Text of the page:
Virtual and augmented reality are rapidly transforming the way we interact with technology, and they have significant implications for many industries. Virtual reality has the potential to revolutionize the way we learn, work, and play by creating immersive experiences that can simulate real-world environments. It allows users to explore places that are physically inaccessible, such as space or the deep sea, and to experience scenarios that would be dangerous or impractical in the real world. Augmented reality, on the other hand, enhances our real-world experiences by overlaying digital information on the physical world. This technology has the potential to transform the way we shop, learn, and communicate by providing us with contextual information at our fingertips. Both virtual and augmented reality are exciting technologies that have the potential to shape our future in countless ways.
Augmented reality vs. virtual reality examples
Everything related to virtual reality (VR) is already becoming a part of our lives. We do not notice, but expensive VR headsets are becoming more affordable, and augmented reality elements are already perceived as natural entertainment. Many even make masks for social networks themselves, and this is without special programming skills. But what are the different types of virtual reality? To more accurately define virtual reality, it is often divided into augmented reality (AR), mixed reality (MR), and virtual reality itself.
Virtual reality is the embodiment of imagination in a computer-generated world. Here the user can communicate with the virtual world and be isolated from the real world. Since the user is separated from the real world, he does not need sensors to collect information about the real world. However, the access devices must be such to allow the user to interact with the virtual world. With the help of software, the processor renders a virtual world based on user input. Then, using complex output devices, the user begins to see the virtual world. Simple devices such as a display will not suffice here as the user will be able to see the difference between the natural and virtual worlds.
If we compare augmented reality vs. virtual reality examples, we will see that AR is a way to make the look more functional. In this case, digital content lays another layer on top of real physical objects. For example, it is how the sensational Google Glass glasses in 2014 work. In turn, virtual reality or VR implies an exit to another, alternative space and functioning in it. This task requires special helmets and motion sensors.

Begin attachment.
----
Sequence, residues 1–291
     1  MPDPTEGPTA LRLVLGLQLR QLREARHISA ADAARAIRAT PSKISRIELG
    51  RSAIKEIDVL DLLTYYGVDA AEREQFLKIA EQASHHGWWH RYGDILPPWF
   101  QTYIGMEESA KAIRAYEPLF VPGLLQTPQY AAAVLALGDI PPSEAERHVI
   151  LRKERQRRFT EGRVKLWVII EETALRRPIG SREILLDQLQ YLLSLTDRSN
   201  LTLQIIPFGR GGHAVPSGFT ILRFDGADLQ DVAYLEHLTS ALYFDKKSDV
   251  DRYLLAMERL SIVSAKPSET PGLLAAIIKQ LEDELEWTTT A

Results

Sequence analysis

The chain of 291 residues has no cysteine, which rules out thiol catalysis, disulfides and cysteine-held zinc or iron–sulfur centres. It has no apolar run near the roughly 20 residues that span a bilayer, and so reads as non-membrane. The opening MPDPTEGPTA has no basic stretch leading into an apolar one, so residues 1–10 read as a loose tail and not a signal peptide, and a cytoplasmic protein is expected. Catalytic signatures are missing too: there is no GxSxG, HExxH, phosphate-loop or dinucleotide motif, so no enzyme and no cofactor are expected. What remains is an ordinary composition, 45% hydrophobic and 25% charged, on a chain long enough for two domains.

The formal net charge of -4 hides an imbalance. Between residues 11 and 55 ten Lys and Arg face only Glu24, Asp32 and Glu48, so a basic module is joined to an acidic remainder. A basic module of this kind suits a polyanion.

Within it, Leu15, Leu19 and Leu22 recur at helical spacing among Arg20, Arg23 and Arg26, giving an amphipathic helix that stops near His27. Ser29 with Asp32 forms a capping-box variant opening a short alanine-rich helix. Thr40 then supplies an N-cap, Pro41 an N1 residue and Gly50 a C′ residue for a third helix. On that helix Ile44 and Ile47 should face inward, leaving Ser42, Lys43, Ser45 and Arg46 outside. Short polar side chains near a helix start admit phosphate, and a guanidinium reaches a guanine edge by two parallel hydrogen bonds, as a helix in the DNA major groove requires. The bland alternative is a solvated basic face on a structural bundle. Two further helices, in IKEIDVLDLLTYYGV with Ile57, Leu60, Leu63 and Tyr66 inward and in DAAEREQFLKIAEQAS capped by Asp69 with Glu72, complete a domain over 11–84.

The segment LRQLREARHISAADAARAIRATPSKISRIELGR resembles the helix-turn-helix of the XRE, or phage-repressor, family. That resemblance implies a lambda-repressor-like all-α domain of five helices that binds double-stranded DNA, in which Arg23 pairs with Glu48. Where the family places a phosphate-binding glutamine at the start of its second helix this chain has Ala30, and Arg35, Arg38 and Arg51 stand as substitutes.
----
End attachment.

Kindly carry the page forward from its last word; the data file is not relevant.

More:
You have come across augmented reality if you have at least once used mobile applications that require access to the phone’s camera and change the image in real-time. For example, it is how some popular developments for tourists, fashionistas, and chat lovers work. In the first case, the user can point the phone at an attraction and see information about it without the need to be distracted by the guide. The second – is to put on makeup and try on clothes, not in real life, but looking at yourself on the screen. Virtual reality is familiar to everyone who has been to a 5D cinema. Sound, image, change of position in space, and tactile sensations like vibration, wind, and water allow you to plunge into another dimension.
Where to use?
AR is already being applied in projection glasses and digital holography. Such technologies are used, for example, to train pilots and navigators. However, the possibilities of VR are even more impressive. They are as follows:
- Instruction. Imagine that you need to train the maintenance personnel of a nuclear power plant. Building a training ground is highly costly and inefficient. Still, immersion in virtual reality will provide the necessary skills in an almost real world from the brain’s point of view.
- Design. VR can be useful when discussing complex issues between participants with different technical backgrounds, for example, a designer and a customer. Volumetric visualization brings the pictures in people’s heads as close as possible. With its help, you can imagine the product and show processes that cannot be seen live because of their duration or extremeness.
- Presentation. Technology now allows teamwork with 3D models. It is enough to combine five to ten helmets in one virtual space. At the same time, participants from different countries and cities can view and discuss the project details as if they were all in the same room.
How much does augmented reality cost?
The cost can vary depending on several factors such as the type of AR experience, platform and hardware used, content complexity, and level of customization required.
Marker-based AR experiences are the simplest and least expensive to create, while projection-based experiences are the most complex and expensive. The platform and hardware used can also affect the cost of development. Creating 3D models or animations can be more complex and time-consuming than creating 2D content, which can increase the cost further.
Here are some ballpark estimates to help you get an idea of what to expect:
- Marker-based AR experiences: $5,000 – $10,000
- Markerless AR experiences: $10,000 – $30,000
- Projection-based AR experiences: $50,000 – $100,000 or more
It’s important to note that these estimates are just rough guidelines, and the actual cost of your AR project may vary significantly depending on your specific needs and requirements. By understanding the factors that can affect the cost of AR and working with an experienced AR developer, you can create an AR experience that meets your needs and budget.